Addressing Today's Challenges and Tomorrow's Threats

In the current economic climate, pleas for protecting defense spending only have a chance of being heard if they are linked with realistic, achievable proposals on how to spend better. This is one of the central issues that NATO Heads of State and Government will have to tackle when they meet in Chicago this May at the invitation of President Obama. The call on NATO nations to develop the capabilities needed to fulfill NATO’s “level of ambition”—the number and scale of military operations the Alliance formally commits to preparing for—has been a fixture of previous summits. What is at stake this time is to go beyond statements of intent. The Chicago Summit is an opportunity for allies to chart the way for a coherent, effective strategy for the preservation of crucial capabilities to address today’s challenges and the development of new capabilities to tackle tomorrow’s threats—and this covers not only equipment, but also areas such as training, logistics, and interoperability.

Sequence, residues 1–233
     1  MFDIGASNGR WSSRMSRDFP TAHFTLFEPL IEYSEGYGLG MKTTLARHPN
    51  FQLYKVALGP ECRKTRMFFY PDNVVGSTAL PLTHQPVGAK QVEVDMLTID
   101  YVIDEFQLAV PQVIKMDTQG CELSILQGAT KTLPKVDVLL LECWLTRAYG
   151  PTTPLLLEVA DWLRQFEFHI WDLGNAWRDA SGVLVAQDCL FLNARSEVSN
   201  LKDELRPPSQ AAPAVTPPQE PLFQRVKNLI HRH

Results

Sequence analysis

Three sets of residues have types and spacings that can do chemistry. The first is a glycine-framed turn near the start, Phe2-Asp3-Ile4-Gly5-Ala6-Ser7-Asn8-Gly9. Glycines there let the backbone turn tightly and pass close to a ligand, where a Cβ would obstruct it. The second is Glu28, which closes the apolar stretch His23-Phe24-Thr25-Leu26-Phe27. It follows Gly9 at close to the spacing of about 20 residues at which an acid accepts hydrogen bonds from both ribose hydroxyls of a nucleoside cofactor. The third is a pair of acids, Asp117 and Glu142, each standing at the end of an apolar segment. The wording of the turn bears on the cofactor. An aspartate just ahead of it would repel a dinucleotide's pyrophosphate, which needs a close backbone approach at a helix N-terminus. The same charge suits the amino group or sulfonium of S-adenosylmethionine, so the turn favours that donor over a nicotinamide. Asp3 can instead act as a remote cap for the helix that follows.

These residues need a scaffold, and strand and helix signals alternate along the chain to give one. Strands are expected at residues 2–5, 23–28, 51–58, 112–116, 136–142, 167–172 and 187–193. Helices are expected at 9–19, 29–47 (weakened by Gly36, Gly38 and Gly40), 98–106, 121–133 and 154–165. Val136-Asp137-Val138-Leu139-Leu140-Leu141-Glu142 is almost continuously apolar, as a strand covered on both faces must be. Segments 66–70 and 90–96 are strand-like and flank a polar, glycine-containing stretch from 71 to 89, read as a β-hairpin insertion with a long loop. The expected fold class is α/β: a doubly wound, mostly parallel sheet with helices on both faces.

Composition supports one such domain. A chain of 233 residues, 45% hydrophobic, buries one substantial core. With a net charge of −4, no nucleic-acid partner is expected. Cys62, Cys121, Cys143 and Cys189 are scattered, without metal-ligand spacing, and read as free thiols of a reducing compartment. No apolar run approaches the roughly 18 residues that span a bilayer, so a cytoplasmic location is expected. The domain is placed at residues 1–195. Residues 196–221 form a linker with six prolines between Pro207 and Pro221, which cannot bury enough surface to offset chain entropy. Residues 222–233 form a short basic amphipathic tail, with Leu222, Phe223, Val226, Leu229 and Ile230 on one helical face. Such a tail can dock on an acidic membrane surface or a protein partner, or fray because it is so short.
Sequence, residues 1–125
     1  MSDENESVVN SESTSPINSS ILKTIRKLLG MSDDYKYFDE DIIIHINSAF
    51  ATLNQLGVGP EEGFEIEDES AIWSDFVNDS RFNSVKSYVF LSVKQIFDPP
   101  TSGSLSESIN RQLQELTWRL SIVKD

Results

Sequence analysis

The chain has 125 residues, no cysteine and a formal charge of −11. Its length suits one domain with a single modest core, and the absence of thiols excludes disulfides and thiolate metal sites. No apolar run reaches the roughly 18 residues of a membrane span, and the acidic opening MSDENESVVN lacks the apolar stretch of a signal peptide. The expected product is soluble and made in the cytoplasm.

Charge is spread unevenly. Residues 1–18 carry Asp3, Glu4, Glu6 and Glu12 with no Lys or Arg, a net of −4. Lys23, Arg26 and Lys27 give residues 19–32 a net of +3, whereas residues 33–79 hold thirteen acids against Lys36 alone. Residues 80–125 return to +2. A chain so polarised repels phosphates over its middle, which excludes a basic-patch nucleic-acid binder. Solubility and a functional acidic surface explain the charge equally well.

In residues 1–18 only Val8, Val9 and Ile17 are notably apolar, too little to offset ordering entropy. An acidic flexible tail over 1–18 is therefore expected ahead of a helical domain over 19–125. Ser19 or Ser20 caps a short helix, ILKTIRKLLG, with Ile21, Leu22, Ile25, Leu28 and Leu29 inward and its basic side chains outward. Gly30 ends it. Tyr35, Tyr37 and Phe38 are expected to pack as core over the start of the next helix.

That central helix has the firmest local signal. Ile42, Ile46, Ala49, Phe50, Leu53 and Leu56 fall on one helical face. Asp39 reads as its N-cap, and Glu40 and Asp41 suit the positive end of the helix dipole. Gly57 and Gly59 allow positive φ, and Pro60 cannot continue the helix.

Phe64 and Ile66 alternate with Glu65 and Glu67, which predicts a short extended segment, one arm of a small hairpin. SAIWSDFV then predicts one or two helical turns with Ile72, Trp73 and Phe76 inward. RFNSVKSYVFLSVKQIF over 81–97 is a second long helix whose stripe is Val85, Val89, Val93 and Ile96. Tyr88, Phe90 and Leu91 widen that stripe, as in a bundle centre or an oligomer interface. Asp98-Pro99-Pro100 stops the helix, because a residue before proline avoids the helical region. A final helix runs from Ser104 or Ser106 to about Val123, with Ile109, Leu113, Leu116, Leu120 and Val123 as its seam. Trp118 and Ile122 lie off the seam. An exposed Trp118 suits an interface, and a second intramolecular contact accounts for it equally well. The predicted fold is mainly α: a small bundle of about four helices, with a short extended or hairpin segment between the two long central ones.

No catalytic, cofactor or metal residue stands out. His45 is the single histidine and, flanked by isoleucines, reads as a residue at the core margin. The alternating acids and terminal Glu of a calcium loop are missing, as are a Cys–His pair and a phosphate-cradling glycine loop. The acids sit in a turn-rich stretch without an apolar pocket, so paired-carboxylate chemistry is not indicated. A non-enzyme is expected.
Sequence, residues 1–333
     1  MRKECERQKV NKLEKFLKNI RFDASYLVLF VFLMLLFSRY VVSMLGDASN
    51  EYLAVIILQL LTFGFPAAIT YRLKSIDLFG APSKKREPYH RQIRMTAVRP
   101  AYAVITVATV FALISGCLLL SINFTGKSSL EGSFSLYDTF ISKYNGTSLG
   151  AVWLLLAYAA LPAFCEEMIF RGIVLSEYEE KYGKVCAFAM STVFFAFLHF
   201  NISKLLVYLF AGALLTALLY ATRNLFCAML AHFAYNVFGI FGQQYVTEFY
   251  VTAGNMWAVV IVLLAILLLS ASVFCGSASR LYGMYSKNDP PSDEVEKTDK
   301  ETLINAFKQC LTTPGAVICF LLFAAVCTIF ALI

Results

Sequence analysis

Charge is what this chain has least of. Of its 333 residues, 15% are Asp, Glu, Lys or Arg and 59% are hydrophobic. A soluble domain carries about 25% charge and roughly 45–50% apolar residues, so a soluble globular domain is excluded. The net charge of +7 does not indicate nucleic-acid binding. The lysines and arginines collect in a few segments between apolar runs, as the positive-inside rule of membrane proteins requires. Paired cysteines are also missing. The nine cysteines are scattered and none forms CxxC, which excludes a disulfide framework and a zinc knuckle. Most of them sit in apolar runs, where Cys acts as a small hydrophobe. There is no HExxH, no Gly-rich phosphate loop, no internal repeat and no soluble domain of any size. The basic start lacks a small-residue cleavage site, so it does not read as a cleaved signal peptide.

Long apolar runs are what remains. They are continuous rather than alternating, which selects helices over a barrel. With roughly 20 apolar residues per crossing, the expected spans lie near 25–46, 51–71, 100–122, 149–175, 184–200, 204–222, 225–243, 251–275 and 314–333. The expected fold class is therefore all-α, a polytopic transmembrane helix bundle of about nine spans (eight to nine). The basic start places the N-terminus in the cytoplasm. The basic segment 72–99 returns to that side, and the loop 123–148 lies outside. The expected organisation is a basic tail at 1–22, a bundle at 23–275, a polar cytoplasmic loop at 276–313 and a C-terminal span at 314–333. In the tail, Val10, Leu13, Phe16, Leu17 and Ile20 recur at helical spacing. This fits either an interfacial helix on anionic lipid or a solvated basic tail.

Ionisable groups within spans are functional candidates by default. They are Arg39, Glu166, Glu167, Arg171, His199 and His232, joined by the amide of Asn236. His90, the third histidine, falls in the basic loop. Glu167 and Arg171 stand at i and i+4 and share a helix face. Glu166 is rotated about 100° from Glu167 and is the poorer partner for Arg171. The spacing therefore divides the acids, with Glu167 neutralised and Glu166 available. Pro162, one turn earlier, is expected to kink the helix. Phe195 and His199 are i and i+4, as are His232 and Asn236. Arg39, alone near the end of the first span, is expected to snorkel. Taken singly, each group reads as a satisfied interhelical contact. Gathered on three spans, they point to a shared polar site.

Allied Command Transformation, the only NATO command in North America, has been working hard on such an agenda, under the leadership of French Air Force General Stéphane Abrial. In his capacity as one of the NATO Secretary General’s special representatives on Smart Defence, General Abrial has toured the NATO nations in order to hear their views and ideas on how best to promote multinational cooperation and other innovative solutions to capability development. The aim has been to build a construct that matches national interests to NATO capability requirements to help meet the Alliance’s level of ambition, in order to keep the overall coherence of what is needed for the accomplishment of the Alliance’s roles and missions.